What to do when the school doesn't help your bullied childWritten by Focus on the Family Canada
What's inside this article
Two years ago, we made the difficult decision to take our children out of a Christian school. Why? Because my oldest daughter was being bullied and the school did not "get it."
A child’s experience
My daughter regularly came home and begged to be home-schooled. She asked to be transferred. She began to develop somatic symptoms such as headaches, tummy aches and muscle tension. She grew increasingly irritable and had difficulty controlling emotions at home. She would talk to us for hours about the events of the day and the ways in which other children excluded her from play groups and belittled her in and out of class. If she succeeded at things, covertly they ridiculed her. Girls jealous of her friendships with other girls would exaggerate her faults and tell lies about things she had said. Her contributions to group discussions were often met with "Well, who cares what you think?" Some children who played with her outside of school refused to come to her defence, although they were well aware of how she was being treated, because they were intimidated by the "mean kids."
Eventually my daughter developed what the doctor called "school phobia." She would talk periodically about wishing she "could be gone." Thankfully, she never seriously contemplated taking her own life, but it crossed her mind. She was treated for anxiety and eventually, though we tried our best to help her cope with the cold hard realities of children’s cruelty, we felt that we had no other option but to move her out of that environment. The school gave us no assurance of their ability or commitment to protect children in her situation, or to call other children on these behaviours.
A parent’s experience
Both my husband and I are professional counsellors. We believed that by teaching our child better coping skills, by providing her a safe environment in which to air her fears and hurts, by coaching her on handling her own emotional responses more maturely and changing behaviours of hers that might be contributing to how she was being treated, that we could give her the tools she needed to get through this challenge. We wanted her to gain strength through dealing with adversity and emerge a more self-confident person as a result.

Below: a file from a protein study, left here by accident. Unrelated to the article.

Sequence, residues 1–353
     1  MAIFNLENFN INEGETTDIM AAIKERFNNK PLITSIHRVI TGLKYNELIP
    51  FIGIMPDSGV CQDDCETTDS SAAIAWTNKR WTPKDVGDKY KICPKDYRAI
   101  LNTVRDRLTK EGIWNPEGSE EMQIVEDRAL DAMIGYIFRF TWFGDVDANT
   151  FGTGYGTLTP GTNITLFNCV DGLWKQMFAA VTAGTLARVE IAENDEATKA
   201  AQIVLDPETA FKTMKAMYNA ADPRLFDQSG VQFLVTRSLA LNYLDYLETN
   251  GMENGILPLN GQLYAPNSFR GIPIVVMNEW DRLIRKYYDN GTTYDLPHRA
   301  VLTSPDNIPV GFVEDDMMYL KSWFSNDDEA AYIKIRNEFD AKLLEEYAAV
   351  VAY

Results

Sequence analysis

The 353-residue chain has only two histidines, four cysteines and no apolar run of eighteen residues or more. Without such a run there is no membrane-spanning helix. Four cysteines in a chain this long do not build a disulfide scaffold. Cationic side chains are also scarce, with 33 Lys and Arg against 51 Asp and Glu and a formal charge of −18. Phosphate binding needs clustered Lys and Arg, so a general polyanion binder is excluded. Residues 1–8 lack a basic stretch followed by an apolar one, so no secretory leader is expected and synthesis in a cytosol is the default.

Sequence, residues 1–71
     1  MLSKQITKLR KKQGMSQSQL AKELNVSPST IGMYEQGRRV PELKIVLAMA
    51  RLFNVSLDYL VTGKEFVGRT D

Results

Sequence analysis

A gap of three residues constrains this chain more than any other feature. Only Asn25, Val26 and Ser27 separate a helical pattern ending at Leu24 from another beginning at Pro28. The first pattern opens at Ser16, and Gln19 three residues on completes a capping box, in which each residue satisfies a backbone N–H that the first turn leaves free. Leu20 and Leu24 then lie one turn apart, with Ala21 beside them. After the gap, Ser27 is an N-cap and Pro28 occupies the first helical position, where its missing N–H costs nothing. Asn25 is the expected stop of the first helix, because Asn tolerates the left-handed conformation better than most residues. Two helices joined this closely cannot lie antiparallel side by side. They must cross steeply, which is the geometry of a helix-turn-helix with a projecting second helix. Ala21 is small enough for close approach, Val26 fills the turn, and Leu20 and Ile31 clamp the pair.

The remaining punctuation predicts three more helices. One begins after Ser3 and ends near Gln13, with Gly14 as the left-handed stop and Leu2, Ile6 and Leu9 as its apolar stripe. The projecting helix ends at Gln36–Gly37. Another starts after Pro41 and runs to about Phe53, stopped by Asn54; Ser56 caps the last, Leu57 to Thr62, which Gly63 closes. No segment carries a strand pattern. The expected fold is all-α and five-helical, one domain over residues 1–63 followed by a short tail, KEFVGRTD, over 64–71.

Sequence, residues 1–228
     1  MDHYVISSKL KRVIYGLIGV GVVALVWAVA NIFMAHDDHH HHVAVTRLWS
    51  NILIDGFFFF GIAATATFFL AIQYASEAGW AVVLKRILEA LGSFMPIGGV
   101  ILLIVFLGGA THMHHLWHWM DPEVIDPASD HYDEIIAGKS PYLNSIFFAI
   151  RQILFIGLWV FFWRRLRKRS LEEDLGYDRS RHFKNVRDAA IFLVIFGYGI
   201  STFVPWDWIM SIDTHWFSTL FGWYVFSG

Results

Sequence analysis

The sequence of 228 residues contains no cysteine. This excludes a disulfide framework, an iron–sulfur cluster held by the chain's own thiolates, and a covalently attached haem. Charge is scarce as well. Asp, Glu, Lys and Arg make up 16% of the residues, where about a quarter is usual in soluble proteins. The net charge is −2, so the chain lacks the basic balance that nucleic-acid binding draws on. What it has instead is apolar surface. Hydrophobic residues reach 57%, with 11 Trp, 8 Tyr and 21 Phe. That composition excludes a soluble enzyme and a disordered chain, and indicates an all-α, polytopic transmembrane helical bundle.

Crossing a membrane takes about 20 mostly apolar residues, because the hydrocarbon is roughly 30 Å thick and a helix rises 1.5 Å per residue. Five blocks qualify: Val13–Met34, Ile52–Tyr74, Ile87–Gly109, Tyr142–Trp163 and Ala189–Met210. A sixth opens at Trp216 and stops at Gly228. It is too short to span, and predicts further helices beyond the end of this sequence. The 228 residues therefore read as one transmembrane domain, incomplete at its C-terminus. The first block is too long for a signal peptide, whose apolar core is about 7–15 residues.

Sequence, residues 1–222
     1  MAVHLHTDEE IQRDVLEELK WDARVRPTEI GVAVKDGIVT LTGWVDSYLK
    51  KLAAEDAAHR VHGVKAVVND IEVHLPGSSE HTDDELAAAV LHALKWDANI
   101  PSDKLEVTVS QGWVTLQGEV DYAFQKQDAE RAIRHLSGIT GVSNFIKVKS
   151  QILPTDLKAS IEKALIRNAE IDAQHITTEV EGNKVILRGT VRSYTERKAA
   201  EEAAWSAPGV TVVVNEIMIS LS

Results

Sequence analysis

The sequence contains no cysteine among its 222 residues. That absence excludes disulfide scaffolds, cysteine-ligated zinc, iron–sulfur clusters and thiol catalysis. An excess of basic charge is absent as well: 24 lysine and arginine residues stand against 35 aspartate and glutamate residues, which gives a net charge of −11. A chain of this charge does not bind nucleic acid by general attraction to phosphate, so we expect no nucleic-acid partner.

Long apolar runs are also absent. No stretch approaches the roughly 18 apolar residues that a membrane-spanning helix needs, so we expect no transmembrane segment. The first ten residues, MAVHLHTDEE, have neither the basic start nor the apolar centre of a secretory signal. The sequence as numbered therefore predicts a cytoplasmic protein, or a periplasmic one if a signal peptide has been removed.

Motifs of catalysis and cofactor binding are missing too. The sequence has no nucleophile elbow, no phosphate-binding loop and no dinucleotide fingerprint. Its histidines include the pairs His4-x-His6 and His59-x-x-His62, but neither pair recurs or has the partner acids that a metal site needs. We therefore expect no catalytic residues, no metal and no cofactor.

I tried to approach the school without being a "mother bear" which is what they expected. I acknowledged that my child had shortcomings of her own and that we were working with her on a few of her less-desirable characteristics. But it soon became clear to me that they blamed the victim instead of the perpetrators. When they did not see or hear what was happening, they assumed it was not going on or they would take the word of the child they thought was most "neutral," but who often had something to gain by protecting the bullies.
Here is what we learned from this experience:
- It is our job as parents to protect and equip our children; if the environment they are in cannot/will not keep them safe, it is best to remove them;
- God works good even in tough situations; our daughter grew much closer to God through this experience as she learned to depend on Him more intimately as she went through this trial;
- We need to pay attention to our child’s whole person, not just their educational and physical needs but also their social, spiritual and emotional needs.
We took a step of faith transferring our daughters to public school, but our oldest thrived in a new environment. I asked her after the first term to tell me on a scale of 1 to 10, if this had been the best choice for her, and she rated it an "11." That was strong affirmation that, in spite of certain challenges that the public school presents, a school that has a clear policy on bullying can address the issue and make the difference for children.
I have reflected often on how sad it is that a public school would do this better than a Christian school (and I know that is not always the case). It is my hope and prayer that as Christians, we would lead the way in treating everyone as Jesus would – with love, compassion, friendship and kindness.
© 2010 Focus on the Family (Canada) Association. All rights reserved.
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